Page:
ASSE Offers Heat-Illness Safety Tips

The American Society of Safety Engineers issued a timely reminder that heat stress can cause workplace injuries and illnesses, and in many parts of the country the threat is imminent. The society suggests employers and employees be aware of the factors that can lead to heat stress and how to prevent them, as well as the symptoms of heat exhaustion and heat stroke, and what can be done for these heat-related illnesses.

First, as OSHA notes, when one’s body is unable to cool itself by sweating, several heat-induced illnesses such as heat stress or exhaustion and the more severe heat stroke can occur, and can result in death. Factors leading to these conditions include high temperatures, being in direct sun or heat, limited air movement, physical exertion, poor physical condition, some medicines, and inadequate tolerance for hot workplaces.

”Heat and humidity can be a serious safety threat to all workers during the summer -- from lifeguards to agriculture, construction, and roadway workers,” said ASSE President Darryl C. Hill, Ph.D., CSP. “People should think twice if they begin to feel these symptoms and act quickly.”

Headaches, dizziness, lightheadedness or fainting; weakness and moist skin; mood changes such as irritability or confusion and upset stomach and vomiting are symptoms of heat exhaustion, the society notes.

Symptoms of heat stroke include dry, hot skin with no sweating; mental confusion or losing consciousness; and seizures or convulsions.

To prevent heat stress, officials suggest that you monitor co-workers and yourself. Prevention efforts include blocking out direct sun or other heat sources, using cooling fans or air conditioning, and resting regularly. It is also important to drink lots of water -- about one cup every 15 minutes -- and to wear lightweight, light colored, loose-fitting clothes. It is recommended that if you’re going to be in the sun, avoid alcohol, caffeinated drinks, and heavy meals. According to the National Institute of Occupational Safety and Health, heat can also cause injury due to accidents related to sweaty palms, fogged-up glasses, and dizziness. Sunburns are also a hazard of sun and heat exposure. Suggested tips for employees and employers to use in order to prevent heat-related illnesses and injuries include:

  • Use cooling pads that can be inserted into hardhats or around the neck to keep the head and neck cool. Vented hardhats or neckbands soaked in cold water can also be used to minimize prolonged heat exposure and prevent the body from overheating.
  • Wear protective eyewear that features sufficient ventilation or an anti-fog lens coating to reduce lens fogging from the heat. Sweatbands also can be used to prevent perspiration from dripping into the eyes.
  • Use gloves with leather palms and cotton or denim backs, which allow for an increased airglow and still protect hands. Also, choose gloves with a liner to absorb sweat preventing perspiration buildup. Some gloves also feature strips of nylon mesh or are perforated at the back of the hand for more airflow.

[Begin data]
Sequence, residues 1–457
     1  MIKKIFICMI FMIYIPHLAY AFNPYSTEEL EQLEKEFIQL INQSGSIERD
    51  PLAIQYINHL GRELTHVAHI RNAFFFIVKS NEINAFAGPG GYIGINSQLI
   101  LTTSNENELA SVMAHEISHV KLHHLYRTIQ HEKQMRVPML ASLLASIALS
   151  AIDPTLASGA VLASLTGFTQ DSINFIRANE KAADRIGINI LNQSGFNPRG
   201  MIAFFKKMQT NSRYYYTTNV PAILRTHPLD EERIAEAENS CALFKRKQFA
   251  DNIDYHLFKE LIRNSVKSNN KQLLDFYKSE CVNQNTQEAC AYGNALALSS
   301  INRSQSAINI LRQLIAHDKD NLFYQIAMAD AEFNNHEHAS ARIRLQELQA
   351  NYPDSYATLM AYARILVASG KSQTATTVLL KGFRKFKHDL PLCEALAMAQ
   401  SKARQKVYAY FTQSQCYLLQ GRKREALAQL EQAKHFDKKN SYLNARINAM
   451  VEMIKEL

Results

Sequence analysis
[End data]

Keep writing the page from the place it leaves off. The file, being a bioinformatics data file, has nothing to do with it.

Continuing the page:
• Wear light-colored, loose-fitting, breathable clothing such as cotton, recommends OSHA.
  • Take breaks in cooler shaded areas.
  • For workers exposed to extreme heat, proper hand protection from burns depends on the temperature and type of work to which workers are exposed.
  • To prevent dehydration, NIOSH recommends that workers drink five to seven ounces of fluids every 15 to 20 minutes. Drink cool water and avoid diuretics such as coffee, tea, alcohol, or soda that actually deplete body fluid. Sports drinks are also good for replacing fluid in the body, but use should be monitored due to the high sodium content.

A recent article in ASSE’s journal, Professional Safety, describes the heat hazards encountered by one company working in the State of Qatar and what the company did to index the severity of the heat-related illness problem and the preventive work practices it provided to workers resulting in a reduction of heat-stress-related medical treatments. The article, titled “Heat Stress – Improving safety in the Arabian Gulf oil and gas industry,” by ASSE member Oliver F. McDonald, CSP, CIH, et al., points out that the full spectrum of heat stress disorders were a hazard at the location and notes that the State of Qatar had banned midday working hours for certain employees during the hottest times of the year due to the threat of the illnesses.

The authors said the practices used in Qatar to reduce heat-related stress to workers included: allowing workers to become acclimated to the heat; using engineering controls such as cooling, ventilation, and shading -- difficult due to the daily change in environments; providing personal protective equipment such as umbrellas and evaporative bandanas; providing constant distribution of water in insulated water bottles; adjusting work scheduling; enforcing employee rotation; having self-evaluation; using the buddy system; working in shade and shielding; trying for area cooling; providing ventilation and mechanical assistance; placing water stations inside or near rest areas; and having mandatory water breaks.

In addition, the article says heat stress communication materials/safety tips were posted at key work locations, and colored flags alerting workers to the heat index were flown above the work projects. Materials for the workers were available in several languages, and employee training to new and existing employees and contractors to explain heat stress symptoms, the heat index system, the color coding and the controls implemented was provided. The program was recognized as a significant positive work practice during a recent company audit, the article notes.

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